Freelancing your future…

Have you ever wondered what it feels like to wake up and simply be on time and at your office each day? Walking down the hallway, no commuting, no rush, no traffic, the perfect aroma of your tea or coffee filling the atmosphere, the perfect toasted bread right in your facility, the perfect timing and it’s all at home.

Well, this is a question I had in my head for many years after working as a 9 to 5 graphic designer. The occasional variation of a day off and the often “never ending days in the life of a designer” where you wake up not knowing if you will go back to bed that night due to a project emergency, last minute call or even worst, getting stuck in a graveyard shift. All that can become a burden and jeopardise your family stability. I also completed my military duties ( Honourably discharged ) and recently had my question answered after taking the proper steps to make it happen.

After many years working to make someone else’s dream come true, I realise that it was time for me to do what I wanted to do and at the rhythm and speed I wanted to do it. Sure it was scary, but nothing can be worse than never trying something and forever regretting that decision.

At the time of jumping into my freelancing life, I had some experience working with customers over the phone and from far away only using e-mail based communication over the internet. My military time serve me very well to round up the skills to properly organise my thoughts in a written communicate/e-mail. This is a critical piece of information for you who want to become a freelancer. Poor grammatical skills can quickly escalate into miscommunication, timeliness issues, project errors and further more loosing the prospective or acquired clients.

The part I enjoy the most is the ability to learn something new, a new skill, a new technique, a new word, just because your current project requires you to learn something new. Meaning that you have acquired knowledge that will remain with you forever, because of your own efforts in wanting to understand the project and the task at hand. I enjoy learning new technologies and new ways on how can I improve my current pipeline.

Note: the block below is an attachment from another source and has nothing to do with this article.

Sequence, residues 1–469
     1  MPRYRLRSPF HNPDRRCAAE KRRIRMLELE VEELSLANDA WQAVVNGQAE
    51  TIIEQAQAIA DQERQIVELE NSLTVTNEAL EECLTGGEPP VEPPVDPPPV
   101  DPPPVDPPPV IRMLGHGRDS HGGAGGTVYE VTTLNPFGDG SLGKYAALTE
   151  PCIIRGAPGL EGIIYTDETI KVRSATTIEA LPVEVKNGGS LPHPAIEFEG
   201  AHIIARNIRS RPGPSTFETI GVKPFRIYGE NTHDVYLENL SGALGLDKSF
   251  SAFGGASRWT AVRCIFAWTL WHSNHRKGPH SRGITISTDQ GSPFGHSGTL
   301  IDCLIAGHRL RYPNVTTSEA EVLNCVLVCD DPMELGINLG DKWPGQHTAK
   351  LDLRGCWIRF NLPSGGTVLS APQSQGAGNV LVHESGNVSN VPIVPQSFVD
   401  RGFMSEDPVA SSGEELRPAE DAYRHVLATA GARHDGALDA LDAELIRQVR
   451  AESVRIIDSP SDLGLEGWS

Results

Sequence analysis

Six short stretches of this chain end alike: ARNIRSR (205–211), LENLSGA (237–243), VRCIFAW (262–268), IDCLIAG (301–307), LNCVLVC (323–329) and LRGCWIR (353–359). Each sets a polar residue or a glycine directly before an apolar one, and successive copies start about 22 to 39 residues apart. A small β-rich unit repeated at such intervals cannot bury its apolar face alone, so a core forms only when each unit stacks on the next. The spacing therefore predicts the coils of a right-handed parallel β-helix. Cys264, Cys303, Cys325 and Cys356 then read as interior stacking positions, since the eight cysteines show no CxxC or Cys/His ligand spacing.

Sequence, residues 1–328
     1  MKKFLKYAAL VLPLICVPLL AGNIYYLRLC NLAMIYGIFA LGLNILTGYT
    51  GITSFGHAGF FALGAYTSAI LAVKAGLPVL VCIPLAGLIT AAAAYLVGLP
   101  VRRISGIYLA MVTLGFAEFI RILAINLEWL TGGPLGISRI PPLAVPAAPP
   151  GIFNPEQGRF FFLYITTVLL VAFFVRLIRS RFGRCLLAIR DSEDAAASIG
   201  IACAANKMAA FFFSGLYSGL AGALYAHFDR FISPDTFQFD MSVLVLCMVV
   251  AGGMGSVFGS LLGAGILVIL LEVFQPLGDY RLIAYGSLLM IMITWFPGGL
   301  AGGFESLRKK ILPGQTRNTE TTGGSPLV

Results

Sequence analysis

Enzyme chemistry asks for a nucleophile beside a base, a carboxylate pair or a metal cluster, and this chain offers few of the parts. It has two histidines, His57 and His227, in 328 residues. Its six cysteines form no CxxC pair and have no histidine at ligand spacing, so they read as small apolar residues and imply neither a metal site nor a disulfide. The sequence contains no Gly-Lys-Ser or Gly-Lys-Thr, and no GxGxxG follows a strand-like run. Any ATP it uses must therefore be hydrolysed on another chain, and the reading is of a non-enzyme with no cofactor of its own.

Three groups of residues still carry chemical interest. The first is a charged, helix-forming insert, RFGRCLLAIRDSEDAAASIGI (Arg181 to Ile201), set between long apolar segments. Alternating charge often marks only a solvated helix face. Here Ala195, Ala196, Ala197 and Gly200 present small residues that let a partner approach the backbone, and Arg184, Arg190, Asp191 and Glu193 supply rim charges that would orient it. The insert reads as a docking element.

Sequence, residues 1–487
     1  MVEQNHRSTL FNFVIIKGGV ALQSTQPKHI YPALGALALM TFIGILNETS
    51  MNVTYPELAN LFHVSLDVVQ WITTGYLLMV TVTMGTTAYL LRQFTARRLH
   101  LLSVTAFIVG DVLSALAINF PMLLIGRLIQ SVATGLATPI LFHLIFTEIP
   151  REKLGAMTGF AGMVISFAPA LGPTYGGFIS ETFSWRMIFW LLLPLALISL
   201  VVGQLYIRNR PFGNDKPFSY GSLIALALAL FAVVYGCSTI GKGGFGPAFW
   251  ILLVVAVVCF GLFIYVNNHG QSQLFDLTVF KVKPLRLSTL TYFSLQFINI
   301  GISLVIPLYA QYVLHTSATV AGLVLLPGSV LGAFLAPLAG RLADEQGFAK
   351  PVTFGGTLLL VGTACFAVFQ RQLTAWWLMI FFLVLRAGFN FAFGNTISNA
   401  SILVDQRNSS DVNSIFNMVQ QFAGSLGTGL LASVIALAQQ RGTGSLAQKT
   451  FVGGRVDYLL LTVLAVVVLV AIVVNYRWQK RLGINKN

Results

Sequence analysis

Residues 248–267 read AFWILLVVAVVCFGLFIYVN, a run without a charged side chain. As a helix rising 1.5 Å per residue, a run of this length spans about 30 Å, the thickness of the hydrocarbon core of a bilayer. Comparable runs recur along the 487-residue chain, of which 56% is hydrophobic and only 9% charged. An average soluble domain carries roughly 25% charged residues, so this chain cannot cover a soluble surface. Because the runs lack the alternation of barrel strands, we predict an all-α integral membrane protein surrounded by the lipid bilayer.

Perfection is far from reality when you are a freelancer. Patience and understanding plays a huge role when it comes to dealing with your clients. Delivering what the client wants you to deliver when the client itself does not know exactly what it wants to begin with can be problematic. Sometimes you can also get stuck in the never-ending cycle of reviewing a project and delayed in receiving the remaining 50% or 75% of the project’s payment due to a numerous of reasons that I can entirely write another post just on that subject.

In a world where time and pay are equally valuable you as a freelancer require something better than a simple head-hunter or a crowdsourcing website to gather valuable talents, good leads and proven contracts. The key to success is organisation and self motivation. Keep your desk and agenda organise. Send as many emails and make as many calls as you can each day to account for the downtime. Trust me, you will have plenty of down-time, use that time to tighten your agenda and create new plans. Use the down time to update things you have left behind. Write a blog article, make sure you do something productive with that valuable time.

Thank you for reading, make sure to let us know what you think about it in the comment section.

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